Friday came a very high wind storm that played hobb, blowing down the beautiful pergola south of the Ben R. Mowery home, uprooting several trees and creating other disturbance. It at last formed two twisters southeast of town and observers state that they could distinctly see brush, tree tops and other debris, carried through the air. Fortunately it struck no buildings. This was followed with a rain and electrical display. But here is the tragedy. The little dove's nest was blown to the ground and the two eggs with half developed birds broken. The mama bird was disconsolate, distressed, desolate, but on my approach again tried the broken wing act, in an endeavor to draw me away from her destroyed home and family.
The Miserable Wretch is getting to be quite useful, for this week she caught a big rat that has been annoying her for some time and Saturday she captured an opossum in the store room. If any man has a better frau would like to see her picture. Just shows that women are often times useful.
Ben R. Mowery, smoking R. J. R. says, "I have come down to R. J. R." Ben is wrong. He has arrived at the refinements of Our Lady Nicotine.
The other day I received notice that a large package for my birthday would arrive Thursday the sixteenth and I was advised that it would be dropped on the station platform at El Maton and I had better arrange to receive it there. The gift weighs about one hundred and twenty pounds and I imagine it is a very sweet gift. Melvin Spoor, knowing I had no truck, kindly offered to meet the train and bring the package to Homecroft. Just imagine folks how I will be enjoying my honey next Thursday.
The Matagorda County Tribune, Thursday, June 16, 1932
By Harry Austin Clapp
[Local information taken from longer article.]
On this my meeting of three score and ten, I am thinking of these things and of my mother. Mother! What a wonderful word. A wonderful mother had I. My loving, tender, beautiful, madonna, sweetheart mother. Forgive me mother for every time I have strayed from your teachings. Forgive me mother for every careless, thoughtless word, for every heartache. I know you are here and that you have heard my plea and in the waving grass, the nodding flower and the notes of the Cardinal, that just perched on my gallery tree, I hear your loving forgiveness.
" 'Tis a mother's large affection
Hears me with mysterious sense,
Breathings that evade detection
Whisper faint and fine inflection
Thrill to her power intense.
Liveth she in loving thought,
Tones that never thence depart,
For she listens with her heart."
Birthdays come and go and at last came my great day and with it came good friends who brought with them a veritable banquet and so I had a happy day. Three big birthday cakes graced the board. In the center of one was a big red candle and when it was lighted we all stood around and made a wish. Another had a strange cabalistic? device in gold frosting on the glistening white "LXX." I wonder what that means. Any one tell? Then came Mary Louise from San Antonio. My wonderful daughter, simply would not stay away from her daddy's birthday party and so the day was full of joy, delight, happiness, ecstasy. It was the greatest day of my life and as I was ready for sleep instead of my usual prayer, I repeated that of Robert E. Bickerton.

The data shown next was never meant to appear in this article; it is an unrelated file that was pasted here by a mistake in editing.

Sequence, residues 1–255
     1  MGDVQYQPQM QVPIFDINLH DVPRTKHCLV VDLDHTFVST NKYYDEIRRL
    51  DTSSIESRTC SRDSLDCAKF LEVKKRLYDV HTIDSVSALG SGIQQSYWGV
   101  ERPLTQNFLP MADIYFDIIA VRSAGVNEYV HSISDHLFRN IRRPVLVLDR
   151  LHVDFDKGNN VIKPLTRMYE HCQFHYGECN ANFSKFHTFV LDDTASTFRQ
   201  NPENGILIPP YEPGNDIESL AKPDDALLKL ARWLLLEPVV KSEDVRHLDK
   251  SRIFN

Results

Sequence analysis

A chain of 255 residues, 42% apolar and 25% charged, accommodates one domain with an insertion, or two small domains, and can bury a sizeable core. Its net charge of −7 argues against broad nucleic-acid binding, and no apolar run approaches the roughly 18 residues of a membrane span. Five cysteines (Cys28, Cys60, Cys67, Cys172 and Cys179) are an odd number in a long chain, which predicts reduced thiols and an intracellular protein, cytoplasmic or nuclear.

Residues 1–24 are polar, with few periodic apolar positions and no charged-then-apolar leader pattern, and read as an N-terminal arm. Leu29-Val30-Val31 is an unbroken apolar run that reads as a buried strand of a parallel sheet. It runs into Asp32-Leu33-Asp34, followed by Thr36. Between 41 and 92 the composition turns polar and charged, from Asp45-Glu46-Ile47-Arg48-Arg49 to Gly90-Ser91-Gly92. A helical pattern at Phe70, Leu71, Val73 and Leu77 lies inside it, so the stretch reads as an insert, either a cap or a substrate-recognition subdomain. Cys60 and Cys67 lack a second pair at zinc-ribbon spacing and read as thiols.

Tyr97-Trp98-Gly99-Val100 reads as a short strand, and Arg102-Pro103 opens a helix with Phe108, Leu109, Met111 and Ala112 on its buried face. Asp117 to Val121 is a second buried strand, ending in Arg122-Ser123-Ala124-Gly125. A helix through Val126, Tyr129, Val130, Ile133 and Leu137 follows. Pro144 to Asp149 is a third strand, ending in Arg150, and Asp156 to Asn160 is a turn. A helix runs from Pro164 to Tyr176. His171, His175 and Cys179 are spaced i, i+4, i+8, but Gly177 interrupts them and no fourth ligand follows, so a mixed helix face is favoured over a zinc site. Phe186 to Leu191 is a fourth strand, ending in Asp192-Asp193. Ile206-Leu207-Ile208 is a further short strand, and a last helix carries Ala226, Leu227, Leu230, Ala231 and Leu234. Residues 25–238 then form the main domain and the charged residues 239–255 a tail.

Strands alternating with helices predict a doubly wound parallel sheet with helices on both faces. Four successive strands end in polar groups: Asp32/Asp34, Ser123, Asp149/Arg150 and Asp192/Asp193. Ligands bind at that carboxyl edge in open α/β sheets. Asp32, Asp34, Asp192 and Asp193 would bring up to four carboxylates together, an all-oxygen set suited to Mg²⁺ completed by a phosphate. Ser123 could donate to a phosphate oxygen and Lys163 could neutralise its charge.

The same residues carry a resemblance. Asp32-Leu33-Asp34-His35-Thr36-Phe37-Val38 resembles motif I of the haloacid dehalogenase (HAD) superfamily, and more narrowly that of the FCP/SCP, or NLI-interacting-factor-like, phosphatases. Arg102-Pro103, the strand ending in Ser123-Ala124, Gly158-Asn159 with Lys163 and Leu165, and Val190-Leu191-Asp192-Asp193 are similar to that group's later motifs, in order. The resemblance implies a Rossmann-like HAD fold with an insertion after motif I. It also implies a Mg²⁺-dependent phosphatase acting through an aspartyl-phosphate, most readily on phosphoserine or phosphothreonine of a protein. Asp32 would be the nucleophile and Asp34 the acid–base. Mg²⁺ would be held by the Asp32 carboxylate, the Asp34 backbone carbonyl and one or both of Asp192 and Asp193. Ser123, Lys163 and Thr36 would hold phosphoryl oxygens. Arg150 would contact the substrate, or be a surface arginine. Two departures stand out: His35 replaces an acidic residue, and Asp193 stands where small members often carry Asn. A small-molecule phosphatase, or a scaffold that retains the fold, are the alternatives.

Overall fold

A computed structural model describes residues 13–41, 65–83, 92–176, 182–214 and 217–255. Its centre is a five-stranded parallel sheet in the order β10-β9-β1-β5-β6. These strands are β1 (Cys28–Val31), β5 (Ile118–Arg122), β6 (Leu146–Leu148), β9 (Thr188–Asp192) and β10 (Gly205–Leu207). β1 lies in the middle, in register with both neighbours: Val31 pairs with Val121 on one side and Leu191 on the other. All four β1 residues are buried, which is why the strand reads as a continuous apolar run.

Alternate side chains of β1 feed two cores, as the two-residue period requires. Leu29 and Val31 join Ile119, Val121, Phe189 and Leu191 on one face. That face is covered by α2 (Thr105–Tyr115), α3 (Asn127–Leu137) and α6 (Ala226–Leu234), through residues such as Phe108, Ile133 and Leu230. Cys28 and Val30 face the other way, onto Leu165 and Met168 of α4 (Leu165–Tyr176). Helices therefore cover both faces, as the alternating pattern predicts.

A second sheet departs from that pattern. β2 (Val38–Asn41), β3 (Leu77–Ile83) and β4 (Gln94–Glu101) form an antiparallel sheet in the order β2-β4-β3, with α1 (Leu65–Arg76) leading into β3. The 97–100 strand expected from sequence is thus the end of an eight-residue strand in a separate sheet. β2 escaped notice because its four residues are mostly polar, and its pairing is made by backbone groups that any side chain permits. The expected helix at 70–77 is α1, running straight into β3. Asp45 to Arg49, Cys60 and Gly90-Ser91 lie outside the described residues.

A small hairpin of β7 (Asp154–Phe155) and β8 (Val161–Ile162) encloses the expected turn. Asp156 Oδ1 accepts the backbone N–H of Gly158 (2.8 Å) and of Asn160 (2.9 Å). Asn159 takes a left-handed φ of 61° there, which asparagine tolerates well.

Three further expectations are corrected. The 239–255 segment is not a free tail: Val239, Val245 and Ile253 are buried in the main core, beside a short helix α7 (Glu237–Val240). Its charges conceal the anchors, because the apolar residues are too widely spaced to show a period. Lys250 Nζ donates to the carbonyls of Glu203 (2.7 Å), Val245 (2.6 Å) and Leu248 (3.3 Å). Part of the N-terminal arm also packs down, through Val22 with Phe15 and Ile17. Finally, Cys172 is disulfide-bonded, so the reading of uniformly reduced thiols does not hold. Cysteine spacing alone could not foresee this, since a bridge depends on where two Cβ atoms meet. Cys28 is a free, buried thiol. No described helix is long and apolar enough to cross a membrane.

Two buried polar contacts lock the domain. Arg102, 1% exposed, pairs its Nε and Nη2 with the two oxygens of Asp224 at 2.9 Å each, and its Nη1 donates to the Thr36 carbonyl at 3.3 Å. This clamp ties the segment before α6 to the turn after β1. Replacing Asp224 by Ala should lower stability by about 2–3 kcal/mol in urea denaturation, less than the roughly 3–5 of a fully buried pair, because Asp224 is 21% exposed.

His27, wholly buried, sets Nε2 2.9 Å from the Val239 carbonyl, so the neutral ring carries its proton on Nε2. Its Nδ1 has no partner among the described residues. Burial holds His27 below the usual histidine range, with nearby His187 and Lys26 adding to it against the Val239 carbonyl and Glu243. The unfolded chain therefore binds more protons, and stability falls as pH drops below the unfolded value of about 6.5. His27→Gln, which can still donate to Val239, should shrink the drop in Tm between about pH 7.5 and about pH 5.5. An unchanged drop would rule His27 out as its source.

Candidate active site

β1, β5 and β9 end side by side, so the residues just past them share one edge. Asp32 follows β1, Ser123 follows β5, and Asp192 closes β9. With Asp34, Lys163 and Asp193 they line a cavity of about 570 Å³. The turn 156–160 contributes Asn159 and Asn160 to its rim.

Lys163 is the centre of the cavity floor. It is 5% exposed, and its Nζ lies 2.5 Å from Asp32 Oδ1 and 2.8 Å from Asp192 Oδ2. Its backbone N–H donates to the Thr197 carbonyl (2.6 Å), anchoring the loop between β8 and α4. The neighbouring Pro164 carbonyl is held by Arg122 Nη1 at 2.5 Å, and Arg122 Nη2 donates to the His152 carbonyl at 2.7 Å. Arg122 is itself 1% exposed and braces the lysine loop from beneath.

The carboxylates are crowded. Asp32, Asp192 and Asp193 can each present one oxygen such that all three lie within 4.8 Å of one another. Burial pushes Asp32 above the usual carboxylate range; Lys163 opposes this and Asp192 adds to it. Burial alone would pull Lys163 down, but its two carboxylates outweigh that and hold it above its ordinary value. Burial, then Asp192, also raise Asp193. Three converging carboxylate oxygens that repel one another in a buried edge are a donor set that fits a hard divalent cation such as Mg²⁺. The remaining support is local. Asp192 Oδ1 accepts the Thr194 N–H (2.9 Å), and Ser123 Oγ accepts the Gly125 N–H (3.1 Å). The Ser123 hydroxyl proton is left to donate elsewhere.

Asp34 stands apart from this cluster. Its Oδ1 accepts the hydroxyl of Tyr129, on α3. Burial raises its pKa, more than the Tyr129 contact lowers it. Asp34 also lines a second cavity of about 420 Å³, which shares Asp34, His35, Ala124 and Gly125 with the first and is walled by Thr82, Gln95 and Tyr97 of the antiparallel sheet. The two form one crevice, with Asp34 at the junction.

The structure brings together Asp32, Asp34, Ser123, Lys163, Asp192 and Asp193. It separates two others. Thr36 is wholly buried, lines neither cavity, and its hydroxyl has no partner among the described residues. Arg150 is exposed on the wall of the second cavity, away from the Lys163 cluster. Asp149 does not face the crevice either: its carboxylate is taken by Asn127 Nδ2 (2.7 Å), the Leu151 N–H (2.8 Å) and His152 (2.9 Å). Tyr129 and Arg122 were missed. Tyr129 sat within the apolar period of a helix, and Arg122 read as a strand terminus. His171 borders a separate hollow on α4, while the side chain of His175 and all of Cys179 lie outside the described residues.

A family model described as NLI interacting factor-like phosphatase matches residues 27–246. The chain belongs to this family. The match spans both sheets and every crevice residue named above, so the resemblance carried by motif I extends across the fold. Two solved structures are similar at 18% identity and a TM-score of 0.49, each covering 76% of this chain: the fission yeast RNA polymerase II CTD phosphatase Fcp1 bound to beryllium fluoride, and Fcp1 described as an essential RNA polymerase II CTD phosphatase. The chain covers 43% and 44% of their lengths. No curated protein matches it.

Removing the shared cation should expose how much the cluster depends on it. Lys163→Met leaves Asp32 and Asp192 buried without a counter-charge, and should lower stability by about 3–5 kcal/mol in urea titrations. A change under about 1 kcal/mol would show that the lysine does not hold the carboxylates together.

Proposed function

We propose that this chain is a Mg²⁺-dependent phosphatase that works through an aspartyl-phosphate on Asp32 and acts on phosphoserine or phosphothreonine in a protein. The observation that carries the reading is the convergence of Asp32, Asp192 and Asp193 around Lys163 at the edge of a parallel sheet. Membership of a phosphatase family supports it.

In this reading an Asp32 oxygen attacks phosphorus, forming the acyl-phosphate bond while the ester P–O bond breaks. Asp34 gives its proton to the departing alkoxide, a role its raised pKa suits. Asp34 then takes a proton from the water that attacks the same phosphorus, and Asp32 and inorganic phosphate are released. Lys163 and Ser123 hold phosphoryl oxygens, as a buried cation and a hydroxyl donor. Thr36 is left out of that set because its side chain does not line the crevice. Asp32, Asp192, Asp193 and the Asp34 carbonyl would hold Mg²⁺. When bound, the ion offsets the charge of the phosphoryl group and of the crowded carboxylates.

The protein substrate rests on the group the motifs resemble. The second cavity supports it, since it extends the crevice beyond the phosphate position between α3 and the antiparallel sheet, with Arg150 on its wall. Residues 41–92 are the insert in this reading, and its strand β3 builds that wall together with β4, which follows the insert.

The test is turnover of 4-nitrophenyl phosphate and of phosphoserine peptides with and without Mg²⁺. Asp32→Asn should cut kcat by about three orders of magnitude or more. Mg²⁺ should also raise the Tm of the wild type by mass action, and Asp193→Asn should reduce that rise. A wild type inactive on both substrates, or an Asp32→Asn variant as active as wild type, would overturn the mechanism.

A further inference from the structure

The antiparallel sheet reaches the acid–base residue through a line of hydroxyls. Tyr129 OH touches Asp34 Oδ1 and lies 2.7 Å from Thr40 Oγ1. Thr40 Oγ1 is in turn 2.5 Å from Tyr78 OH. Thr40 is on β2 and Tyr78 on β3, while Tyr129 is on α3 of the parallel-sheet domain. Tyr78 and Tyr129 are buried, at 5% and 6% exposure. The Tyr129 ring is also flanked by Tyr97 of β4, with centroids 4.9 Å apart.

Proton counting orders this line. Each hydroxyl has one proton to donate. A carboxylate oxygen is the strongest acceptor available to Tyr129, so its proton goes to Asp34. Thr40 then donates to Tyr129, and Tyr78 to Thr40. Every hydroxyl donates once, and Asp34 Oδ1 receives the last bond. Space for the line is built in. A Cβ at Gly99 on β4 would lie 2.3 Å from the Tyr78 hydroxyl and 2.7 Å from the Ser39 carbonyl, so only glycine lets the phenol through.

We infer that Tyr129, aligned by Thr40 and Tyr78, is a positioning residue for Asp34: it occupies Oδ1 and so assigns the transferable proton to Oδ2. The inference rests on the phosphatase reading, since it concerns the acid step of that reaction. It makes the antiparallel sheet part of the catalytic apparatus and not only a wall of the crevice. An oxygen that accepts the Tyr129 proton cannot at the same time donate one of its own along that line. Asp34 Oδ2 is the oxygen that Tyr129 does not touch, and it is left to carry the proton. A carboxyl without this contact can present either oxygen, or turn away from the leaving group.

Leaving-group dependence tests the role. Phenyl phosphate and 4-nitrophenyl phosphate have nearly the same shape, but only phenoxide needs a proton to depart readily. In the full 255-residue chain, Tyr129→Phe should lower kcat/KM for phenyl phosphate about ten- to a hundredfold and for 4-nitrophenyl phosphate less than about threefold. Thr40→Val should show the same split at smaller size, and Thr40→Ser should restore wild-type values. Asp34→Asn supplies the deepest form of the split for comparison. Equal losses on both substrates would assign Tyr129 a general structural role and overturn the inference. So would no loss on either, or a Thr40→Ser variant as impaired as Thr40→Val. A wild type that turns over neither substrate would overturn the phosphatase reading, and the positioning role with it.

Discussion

"I rest. My journey done.
I face the West again
No longer feel the pain,
And see the gold of the setting sun.
The lights are slowly growing dim--
My ship is going out to sea.
I am slowly slipping o'er the rim,
But one last prayer, O God.
Thou who knowest best.
Before I am beneath the sod,
Before I am at rest.
Let me have light
To guide my way
On through the night
Across the bay."
John Carrick brings in some fine roasting ears. Not a worm in a car load. Arnold Franzen called on me the other day accompanied by his father, Gustave Franzen. Arnold is a delight to the eye. Well groomed, a first class set up and gives one the impression that here is a safe, sound, conservative young business man. Still unmarried, he is an eligible party for girls who seek a safe matrimonial existence. In my opinion, the girl who lands Arnold will always be able to enjoy her "potage au gras."
The other day Old Lady Pry said "Don't you think it a shame the way that Gladbird girl acts?" "What," I asked "has Minna Gladbird done now?" "Why" the old bird replied, "she drove to Bay City yesterday with a married man." Frankly, I think it just simply horrid, frightful, harrowing, if you all know what I mean.
Contrast is an easy method of measuring. It means to set in opposition in order to show the comparative excellence of defects. I have a very dear friend of many years. He is the editor of a great religious daily. He does not use tobacco in any form, drinks no liquor, never gambles, uses no profanity, or obscenity and to cap the climax, he claims that he never looks. If this last be true, he is, indeed a saint. Now by contrast look at me. I would like to go back to the Cripple Creek Club and enjoy a Swiss Ess with Mc K. Twombley, who married a Vanderbilt daughter. I would like to sit in the Knickerbocker once more and see Honest John and Diamond Jim eating rich food and see Dave Montgomery saunter in, a cane hung on his arm and leading by the leash his bull dog and all the time I would be sipping an honest brew.
In Place Viger a silver tankard of pale Old English Ale would be a delight and in the Holenden grill, a bottle of Sauterne of A. say, 1889, would grace my table. With what joy, I would go back to Rectors in New York and drink Mumm's Extra Dry, just because it tickles. I hanker to once more visit St. Hubert's Inn and sit in front of the great fire place and see the roaring, crackling flames, leap and dance, hear the wonderful organ and its lovely music and the while listen to the tinkle of ice in a tall glass of ginnfizz like Archie makes.